That’s a lot of scientific jargon, but bottom line of the study is the blinding glimpse of the obvious that schools and teachers do make a difference. Given students of equal difficulty to teach, some schools do extremely better than one would expect, others fail miserably -- and the amount of money spent seems to have little correlation. In the current system, kids in those poor performing schools are trapped. In a school choice system, kids are free to move to the better performing schools. Note -- this study was done only on public schools.
Education Working Paper 6
The Teachability Index:
Can Disadvantaged Students Learn?
Jay P. Greene &
The Manhattan Institute
Dr. Solomon next goes on to debunk claims that private school kids get a better education than public school offers. When statistics don’t bear him out, he cites unfair advantages of private schools over public schools.
Privatization zealots point to several banner-ads for their agenda. First, they say that kids in private schools outperform their peers, but proponents do not understand demographics. On average, private school children do well for three major reasons. They are more often from better-educated, more-affluent families---almost perfect corollaries for academic success. The parents are generally proactive in the child’s education. And those who refuse to work hard or misbehave can be expelled. If public schools had those advantages, we would have no problems. But dozens of careful studies have shown miniscule differences between private and public school academics with the same demographics. If privatization were the answer---or even AN answer---we should see huge advantages, but we do not.I’ve addressed this issue in detail before, which you can read here. Let me just say that it never ceases to amaze me how public school apologists continually refer to problem kids as obstacles to doing the job of educating children. Problem kids need education too! It is not acceptable to treat them as speed bumps in the road to problem-free public education. Perhaps more than any other students, these are the ones crying out for help -- and best exemplify the need for school choice.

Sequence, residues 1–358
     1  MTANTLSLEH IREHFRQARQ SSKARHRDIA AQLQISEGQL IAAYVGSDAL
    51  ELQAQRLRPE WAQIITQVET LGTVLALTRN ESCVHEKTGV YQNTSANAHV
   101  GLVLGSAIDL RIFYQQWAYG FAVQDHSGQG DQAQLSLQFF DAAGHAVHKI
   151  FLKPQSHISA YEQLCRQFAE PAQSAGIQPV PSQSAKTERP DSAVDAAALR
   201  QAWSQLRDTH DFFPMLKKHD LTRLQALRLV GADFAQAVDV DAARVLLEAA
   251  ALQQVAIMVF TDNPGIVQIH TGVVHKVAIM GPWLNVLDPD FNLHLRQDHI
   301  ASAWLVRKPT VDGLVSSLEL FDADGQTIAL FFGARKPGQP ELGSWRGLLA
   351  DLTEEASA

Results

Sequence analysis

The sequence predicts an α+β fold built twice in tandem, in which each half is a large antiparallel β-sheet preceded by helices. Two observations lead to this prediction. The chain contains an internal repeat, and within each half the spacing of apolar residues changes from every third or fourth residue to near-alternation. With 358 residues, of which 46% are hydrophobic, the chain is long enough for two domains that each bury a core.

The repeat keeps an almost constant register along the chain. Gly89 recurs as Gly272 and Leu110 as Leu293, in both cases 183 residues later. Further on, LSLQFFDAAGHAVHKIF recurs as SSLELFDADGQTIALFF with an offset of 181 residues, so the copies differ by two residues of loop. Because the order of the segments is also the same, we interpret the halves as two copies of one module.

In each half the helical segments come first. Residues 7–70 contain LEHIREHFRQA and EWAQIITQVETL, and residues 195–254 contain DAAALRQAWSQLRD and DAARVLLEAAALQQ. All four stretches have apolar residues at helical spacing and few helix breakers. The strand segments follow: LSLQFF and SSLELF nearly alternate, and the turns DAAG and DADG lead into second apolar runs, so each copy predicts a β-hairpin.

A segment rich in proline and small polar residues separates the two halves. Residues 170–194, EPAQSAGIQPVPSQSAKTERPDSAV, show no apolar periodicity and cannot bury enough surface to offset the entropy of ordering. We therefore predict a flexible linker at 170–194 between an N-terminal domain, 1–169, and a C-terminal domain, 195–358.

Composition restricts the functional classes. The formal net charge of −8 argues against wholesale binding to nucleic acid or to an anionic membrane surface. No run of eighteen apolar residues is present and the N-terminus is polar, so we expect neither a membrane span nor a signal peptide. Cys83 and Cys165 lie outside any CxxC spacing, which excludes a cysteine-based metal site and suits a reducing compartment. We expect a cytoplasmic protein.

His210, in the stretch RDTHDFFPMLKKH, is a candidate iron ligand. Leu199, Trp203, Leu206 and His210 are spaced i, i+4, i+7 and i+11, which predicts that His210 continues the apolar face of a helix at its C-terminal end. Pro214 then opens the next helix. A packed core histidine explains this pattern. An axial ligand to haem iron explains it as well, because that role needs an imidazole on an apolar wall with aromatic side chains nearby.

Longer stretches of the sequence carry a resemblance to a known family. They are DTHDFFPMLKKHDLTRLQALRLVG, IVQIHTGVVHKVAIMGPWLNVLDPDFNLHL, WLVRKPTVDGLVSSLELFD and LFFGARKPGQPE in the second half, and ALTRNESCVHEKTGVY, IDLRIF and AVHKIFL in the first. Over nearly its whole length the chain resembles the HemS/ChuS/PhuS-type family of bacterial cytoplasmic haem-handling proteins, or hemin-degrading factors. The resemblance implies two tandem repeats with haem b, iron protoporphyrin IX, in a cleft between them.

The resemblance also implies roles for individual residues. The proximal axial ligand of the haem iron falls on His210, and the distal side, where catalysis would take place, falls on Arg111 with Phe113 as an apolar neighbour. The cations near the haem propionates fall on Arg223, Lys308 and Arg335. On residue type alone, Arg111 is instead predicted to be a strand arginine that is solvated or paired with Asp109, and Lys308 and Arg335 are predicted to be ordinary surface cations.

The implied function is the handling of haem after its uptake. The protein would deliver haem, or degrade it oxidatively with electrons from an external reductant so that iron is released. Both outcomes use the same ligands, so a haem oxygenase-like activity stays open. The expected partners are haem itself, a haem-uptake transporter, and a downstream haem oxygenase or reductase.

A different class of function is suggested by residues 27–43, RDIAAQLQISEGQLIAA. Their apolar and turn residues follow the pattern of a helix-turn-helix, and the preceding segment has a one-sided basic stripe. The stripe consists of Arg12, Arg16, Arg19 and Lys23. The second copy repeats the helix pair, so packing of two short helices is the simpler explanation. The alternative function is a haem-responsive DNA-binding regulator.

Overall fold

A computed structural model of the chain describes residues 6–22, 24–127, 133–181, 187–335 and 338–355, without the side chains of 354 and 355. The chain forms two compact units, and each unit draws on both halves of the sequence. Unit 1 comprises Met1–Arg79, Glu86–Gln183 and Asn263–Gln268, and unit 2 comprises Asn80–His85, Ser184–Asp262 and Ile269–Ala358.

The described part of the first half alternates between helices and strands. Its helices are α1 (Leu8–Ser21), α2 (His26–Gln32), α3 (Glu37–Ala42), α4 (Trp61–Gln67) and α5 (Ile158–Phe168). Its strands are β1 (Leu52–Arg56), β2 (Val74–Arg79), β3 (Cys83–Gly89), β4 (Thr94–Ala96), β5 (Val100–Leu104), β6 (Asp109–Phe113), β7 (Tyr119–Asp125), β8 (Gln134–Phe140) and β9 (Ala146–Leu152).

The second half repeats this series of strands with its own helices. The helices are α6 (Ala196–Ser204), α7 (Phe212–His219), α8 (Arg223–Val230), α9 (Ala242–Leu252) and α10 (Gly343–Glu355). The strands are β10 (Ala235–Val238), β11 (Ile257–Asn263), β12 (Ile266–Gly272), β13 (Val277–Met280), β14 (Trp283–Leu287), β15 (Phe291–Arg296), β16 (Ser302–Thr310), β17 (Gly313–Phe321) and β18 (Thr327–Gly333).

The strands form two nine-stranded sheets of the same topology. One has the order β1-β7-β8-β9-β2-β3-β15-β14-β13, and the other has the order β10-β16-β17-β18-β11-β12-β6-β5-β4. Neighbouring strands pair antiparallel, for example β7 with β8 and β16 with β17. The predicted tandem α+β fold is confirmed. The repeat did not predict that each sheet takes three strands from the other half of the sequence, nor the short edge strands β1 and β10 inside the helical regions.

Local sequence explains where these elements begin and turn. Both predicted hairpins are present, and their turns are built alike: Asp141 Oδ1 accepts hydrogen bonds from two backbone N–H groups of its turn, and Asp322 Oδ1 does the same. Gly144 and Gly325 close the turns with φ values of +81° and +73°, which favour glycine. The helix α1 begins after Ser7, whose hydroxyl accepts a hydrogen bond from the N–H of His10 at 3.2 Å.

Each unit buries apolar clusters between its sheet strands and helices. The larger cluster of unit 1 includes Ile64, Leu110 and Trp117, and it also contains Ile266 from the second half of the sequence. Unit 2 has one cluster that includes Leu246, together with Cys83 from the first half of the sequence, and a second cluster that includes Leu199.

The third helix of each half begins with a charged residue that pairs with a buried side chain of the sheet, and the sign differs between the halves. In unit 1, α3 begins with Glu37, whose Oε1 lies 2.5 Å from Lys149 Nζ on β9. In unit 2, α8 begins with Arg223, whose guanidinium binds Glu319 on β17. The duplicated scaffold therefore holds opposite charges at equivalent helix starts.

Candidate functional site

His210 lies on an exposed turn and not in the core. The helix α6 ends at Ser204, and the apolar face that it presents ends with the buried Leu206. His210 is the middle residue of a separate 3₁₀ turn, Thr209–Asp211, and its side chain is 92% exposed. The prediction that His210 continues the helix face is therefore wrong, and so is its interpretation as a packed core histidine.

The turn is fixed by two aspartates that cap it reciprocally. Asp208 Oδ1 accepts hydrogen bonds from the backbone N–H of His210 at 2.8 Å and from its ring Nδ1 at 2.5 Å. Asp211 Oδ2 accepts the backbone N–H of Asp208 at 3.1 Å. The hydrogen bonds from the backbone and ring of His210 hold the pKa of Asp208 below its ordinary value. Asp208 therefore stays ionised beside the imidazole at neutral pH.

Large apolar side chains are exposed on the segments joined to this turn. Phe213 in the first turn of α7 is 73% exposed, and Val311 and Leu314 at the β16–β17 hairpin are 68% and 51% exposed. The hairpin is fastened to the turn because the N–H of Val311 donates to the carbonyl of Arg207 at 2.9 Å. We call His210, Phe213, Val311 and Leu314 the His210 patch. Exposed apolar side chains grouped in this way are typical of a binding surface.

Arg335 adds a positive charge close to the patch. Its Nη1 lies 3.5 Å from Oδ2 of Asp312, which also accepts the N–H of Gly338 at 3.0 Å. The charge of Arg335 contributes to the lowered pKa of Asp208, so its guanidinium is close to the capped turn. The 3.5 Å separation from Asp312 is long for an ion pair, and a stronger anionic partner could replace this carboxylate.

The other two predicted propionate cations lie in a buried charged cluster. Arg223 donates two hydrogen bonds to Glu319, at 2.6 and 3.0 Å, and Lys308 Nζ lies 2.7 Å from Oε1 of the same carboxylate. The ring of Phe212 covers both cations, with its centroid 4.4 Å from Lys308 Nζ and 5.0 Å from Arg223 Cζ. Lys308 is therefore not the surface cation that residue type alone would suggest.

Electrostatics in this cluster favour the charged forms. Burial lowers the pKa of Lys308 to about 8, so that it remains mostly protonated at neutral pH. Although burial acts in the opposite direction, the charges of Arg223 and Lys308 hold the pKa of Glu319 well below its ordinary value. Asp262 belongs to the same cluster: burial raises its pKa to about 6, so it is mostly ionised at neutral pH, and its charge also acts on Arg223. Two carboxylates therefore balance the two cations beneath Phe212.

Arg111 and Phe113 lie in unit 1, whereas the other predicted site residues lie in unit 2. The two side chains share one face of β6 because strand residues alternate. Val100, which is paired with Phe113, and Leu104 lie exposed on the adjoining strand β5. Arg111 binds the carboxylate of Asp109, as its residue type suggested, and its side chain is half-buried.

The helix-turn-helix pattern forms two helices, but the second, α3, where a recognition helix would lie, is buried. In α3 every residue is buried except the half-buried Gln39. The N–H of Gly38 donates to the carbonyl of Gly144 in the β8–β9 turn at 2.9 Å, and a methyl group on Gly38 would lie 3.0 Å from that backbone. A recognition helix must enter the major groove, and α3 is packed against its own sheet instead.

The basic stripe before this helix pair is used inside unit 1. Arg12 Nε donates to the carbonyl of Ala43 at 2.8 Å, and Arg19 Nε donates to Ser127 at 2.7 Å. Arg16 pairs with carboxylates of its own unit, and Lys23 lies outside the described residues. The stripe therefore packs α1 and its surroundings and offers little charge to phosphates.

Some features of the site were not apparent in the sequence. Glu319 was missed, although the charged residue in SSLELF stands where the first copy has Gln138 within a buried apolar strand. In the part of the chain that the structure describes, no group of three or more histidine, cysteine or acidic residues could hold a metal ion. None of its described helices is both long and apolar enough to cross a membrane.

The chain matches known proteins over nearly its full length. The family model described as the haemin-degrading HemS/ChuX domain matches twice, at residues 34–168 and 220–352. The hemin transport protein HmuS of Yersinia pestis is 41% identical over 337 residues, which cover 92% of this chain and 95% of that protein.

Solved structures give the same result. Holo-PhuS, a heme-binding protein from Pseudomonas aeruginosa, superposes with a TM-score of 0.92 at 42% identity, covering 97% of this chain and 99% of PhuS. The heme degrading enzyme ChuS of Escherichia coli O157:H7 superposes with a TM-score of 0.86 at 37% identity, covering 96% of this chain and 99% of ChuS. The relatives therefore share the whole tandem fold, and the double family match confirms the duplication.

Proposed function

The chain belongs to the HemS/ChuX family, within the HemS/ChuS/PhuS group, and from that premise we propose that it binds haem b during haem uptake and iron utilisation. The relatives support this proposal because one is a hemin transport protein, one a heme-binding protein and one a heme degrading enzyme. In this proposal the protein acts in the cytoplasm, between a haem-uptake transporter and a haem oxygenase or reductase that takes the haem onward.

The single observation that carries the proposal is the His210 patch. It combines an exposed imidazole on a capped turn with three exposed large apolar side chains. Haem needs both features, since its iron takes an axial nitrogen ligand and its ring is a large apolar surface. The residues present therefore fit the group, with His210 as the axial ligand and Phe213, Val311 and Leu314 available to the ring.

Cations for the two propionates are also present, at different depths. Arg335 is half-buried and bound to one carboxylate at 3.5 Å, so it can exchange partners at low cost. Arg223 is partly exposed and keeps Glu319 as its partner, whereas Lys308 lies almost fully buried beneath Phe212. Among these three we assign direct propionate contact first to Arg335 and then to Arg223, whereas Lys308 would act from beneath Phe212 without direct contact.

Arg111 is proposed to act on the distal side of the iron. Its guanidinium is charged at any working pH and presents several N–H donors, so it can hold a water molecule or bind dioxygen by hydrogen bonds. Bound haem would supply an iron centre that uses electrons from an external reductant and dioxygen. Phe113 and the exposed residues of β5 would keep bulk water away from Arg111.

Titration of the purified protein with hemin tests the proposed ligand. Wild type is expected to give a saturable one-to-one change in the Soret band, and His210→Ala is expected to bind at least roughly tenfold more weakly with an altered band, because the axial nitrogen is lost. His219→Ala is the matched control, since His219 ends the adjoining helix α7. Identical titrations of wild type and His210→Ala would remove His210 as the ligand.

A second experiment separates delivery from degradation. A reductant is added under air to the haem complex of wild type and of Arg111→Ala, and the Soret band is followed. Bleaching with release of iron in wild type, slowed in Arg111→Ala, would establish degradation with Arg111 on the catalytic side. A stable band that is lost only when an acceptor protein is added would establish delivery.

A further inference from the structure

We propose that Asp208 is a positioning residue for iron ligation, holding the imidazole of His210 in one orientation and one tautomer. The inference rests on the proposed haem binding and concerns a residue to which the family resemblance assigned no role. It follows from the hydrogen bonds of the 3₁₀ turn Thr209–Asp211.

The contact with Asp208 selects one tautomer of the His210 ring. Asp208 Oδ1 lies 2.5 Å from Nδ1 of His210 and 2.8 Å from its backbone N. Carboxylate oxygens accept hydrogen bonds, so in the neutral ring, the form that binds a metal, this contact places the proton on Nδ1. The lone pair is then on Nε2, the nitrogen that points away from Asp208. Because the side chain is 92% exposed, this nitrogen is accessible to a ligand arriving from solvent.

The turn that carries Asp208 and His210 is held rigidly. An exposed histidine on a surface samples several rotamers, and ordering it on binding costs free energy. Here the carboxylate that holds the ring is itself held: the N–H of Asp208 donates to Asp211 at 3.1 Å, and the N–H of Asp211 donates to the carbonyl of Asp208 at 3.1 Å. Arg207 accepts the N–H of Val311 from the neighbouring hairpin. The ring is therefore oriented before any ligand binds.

More Dr. Solomon --
Zealots also claim that private schools cost less than government schools. But this is based on the misconception that tuitions are equivalent to costs. Most private schools in America are church-subsidized and we have no records of the costs. Thus, if a Catholic school charges parishioners $1,200 per year and the public schools receive $5,000 per year per pupil, an erroneous conclusion is drawn concerning costs.For my column, which ignited the flammable Mr. Coleman, every Catholic school I spoke with made it clear what their cost-per-pupil was and could tell me exactly where money came from to make up the difference between tuition cost and per-pupil-cost. When Sol Stern called St. Paul Superintendent Pat Harvey and asked what the per-pupil educational cost was in St. Paul, for whatever reason she didn’t have a ready answer. Mr. Stern obtained a figure from the State Department of Education. The point is, the cost to educate a student in all but the most elite private schools is far less than in a government school.
While writing this post, I recived an email from a parent of a student at IHM-St. Luke's -- a Chatholic School mentioned in my article -- "While it may be true that only upper income parents can truly afford a private school such as SPA (12K for kindergarten last time I checked...), the thought that parochial schools are somehow elitist and out of reach of minorities or the working poor is ridiculous. They offer generous tuition assistance to lower income families. There are few behavioral problems because it's simply not allowed - what actual rules with consequences might not accomplish, peer pressure can."
Mr. Solomon’s next target is Edison Schools -- a private, school management company.